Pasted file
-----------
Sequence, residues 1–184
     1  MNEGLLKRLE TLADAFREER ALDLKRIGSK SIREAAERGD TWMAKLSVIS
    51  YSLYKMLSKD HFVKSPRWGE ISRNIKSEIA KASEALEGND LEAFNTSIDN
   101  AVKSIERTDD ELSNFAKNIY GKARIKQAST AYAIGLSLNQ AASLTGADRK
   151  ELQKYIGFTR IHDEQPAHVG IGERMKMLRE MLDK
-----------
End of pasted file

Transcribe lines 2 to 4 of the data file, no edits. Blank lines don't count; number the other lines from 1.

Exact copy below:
     1  MNEGLLKRLE TLADAFREER ALDLKRIGSK SIREAAERGD TWMAKLSVIS
    51  YSLYKMLSKD HFVKSPRWGE ISRNIKSEIA KASEALEGND LEAFNTSIDN
   101  AVKSIERTDD ELSNFAKNIY GKARIKQAST AYAIGLSLNQ AASLTGADRK